Source: Compass Direct News
Juan Méndez Méndez became a Christian in Pasté, a village outside of San Cristóbal de las Casas in southern Mexico’s Chiapas state Saturday, April 7, and two days later local authorities jailed him for leaving the area’s traditional religion, a blend of Roman Catholicism and native customs. Méndez, 25, was released on Tuesday, April 10, after spending the night in jail. The previous Easter Sunday, political bosses in the village of Tzotzil Maya noticed him skipping a church festival involving what Méndez considered to be idolatrous rites, and they summoned him that evening. “They said, ‘What do you mean that you’ve accepted Christ -- you mean you don’t believe in our gods [Catholic saints]?’” Méndez explained. “And I said, ‘Well, those were just apostles, and now I belong to Christ.’” When town leaders threatened to beat him, Méndez replied, “If you’re going to beat me, then here I am.” Méndez told a member of his church, “If I have to be a prisoner, I have no other alternative but to continue pressing forward.”


Sources: Christian Newswire, Religion Today
Jewish researchers claim to have identified a Bronze Age artifact that includes an artistic montage with distinctive Paleo-Hebrew writing featuring an elaborate signature associated with the prophet Moses more than 3,300 years ago. Similar vessels of purification were part of the ancient sacrificial system, and the signature of the vessel’s artist is elaborately signed, yet clearly spelled out, “MoSHeH.” The artwork shows the stories of the patriarchs with panoramic scenes, including a 360-degree view of Mount Sinai and Mount Horeb. Illustrations on the stone vessel also include constellations that depict scriptural principles. The ancient stone vessel’s encoded message is a song with a healing message within a loving declaration to the creator spelled “HaShem.” Encoded within the artifact are layers of Jacob’s prophecies for each son as told in Genesis. The dream of the sheaves bowing towards Joseph is illustrated with “Yoseph” spelled out upright while the brothers’ sheaves are bent letters.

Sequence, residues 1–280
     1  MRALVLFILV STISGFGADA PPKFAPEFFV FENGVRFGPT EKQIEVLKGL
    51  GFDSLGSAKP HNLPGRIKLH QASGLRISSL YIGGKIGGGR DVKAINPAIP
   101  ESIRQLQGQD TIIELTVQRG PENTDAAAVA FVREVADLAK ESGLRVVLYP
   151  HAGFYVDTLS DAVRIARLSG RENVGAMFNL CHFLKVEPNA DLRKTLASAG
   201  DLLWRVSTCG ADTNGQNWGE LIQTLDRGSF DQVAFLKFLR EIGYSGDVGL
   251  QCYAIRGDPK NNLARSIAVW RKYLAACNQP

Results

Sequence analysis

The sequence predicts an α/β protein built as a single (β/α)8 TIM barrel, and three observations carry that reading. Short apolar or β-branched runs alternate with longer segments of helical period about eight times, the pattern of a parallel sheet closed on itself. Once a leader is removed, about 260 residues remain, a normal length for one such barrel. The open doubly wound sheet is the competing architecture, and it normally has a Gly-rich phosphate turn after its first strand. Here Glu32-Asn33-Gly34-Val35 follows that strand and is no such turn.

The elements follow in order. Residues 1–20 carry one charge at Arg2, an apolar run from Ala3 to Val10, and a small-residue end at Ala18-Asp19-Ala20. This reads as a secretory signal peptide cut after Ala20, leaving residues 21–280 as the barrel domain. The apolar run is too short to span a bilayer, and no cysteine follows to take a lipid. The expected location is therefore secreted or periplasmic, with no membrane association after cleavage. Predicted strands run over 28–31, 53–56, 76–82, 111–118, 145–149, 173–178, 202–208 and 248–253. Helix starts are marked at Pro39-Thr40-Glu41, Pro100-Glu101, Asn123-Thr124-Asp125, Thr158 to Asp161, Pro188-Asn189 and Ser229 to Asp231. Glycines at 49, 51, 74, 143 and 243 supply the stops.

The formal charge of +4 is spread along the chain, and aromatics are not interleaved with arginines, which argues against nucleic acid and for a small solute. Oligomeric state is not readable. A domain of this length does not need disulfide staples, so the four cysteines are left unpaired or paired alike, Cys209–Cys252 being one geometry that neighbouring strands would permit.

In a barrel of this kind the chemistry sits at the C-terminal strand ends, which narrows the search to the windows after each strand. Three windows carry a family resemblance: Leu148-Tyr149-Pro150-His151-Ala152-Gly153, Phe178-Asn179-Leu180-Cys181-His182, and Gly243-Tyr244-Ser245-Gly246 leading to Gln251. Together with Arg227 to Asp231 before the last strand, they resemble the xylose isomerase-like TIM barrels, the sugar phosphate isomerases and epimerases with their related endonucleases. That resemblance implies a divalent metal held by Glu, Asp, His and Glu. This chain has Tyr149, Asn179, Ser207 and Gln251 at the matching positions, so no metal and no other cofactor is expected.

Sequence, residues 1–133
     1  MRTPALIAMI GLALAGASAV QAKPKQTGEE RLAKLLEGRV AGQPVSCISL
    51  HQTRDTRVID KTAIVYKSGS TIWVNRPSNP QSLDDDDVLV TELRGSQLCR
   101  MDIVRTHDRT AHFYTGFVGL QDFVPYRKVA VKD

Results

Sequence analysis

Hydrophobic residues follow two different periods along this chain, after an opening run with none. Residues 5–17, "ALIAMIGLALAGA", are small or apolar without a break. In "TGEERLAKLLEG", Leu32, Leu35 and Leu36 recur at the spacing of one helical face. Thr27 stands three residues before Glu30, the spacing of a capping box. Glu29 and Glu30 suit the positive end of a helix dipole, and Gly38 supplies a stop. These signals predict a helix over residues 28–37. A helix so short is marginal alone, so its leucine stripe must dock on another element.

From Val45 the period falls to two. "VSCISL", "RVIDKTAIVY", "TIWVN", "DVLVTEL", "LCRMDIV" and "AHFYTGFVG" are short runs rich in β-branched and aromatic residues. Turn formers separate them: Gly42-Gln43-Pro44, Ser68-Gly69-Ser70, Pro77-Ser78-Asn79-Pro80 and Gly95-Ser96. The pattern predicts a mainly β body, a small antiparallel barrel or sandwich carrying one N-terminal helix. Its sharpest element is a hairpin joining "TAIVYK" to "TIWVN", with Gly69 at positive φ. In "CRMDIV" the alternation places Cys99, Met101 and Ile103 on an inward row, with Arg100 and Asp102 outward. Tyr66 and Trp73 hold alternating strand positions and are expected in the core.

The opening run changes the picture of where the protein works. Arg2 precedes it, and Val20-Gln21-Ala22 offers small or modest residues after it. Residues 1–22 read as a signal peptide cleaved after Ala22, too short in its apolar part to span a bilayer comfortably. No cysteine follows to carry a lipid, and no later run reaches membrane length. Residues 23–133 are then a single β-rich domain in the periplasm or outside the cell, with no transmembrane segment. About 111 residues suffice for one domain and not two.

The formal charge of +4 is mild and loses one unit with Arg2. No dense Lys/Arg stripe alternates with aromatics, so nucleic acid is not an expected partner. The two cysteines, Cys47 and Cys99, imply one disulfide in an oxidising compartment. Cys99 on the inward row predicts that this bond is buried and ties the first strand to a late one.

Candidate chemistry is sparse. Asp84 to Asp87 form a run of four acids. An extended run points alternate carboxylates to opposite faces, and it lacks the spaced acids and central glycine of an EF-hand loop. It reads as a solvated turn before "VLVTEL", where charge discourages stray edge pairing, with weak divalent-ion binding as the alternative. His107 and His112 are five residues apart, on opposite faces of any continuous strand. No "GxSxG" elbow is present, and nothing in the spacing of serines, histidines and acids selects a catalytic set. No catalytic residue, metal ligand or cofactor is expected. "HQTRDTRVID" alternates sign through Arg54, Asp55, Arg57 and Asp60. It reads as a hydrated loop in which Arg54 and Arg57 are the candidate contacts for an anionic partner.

Source: WorldWide Religious News
A modern picture of religion in Ireland is revealed by new research revealing four out of five parents intend to allow their children to choose their own religion rather than force them to join the Catholic Church. Only seven percent of parents felt the same way 30 years ago. The findings of the poll revealed 82 percent of parents would let their children make up their own minds about faith. It also found that 12 percent of Irish people no longer believe in God and 22 percent do not think there is an afterlife. The results of the poll were unveiled in tandem with calls for the dominant position of Catholic teaching in primary schools to be relaxed. John Carr, general secretary of the Irish National Teachers Organization, said those providing education had a responsibility to reflect changing trends and give children alternatives. “We must face the reality that within the primary education system, many of our schools give little or no formal knowledge or understanding of our relationships with some Christian and non-Christian religions,” he said. br>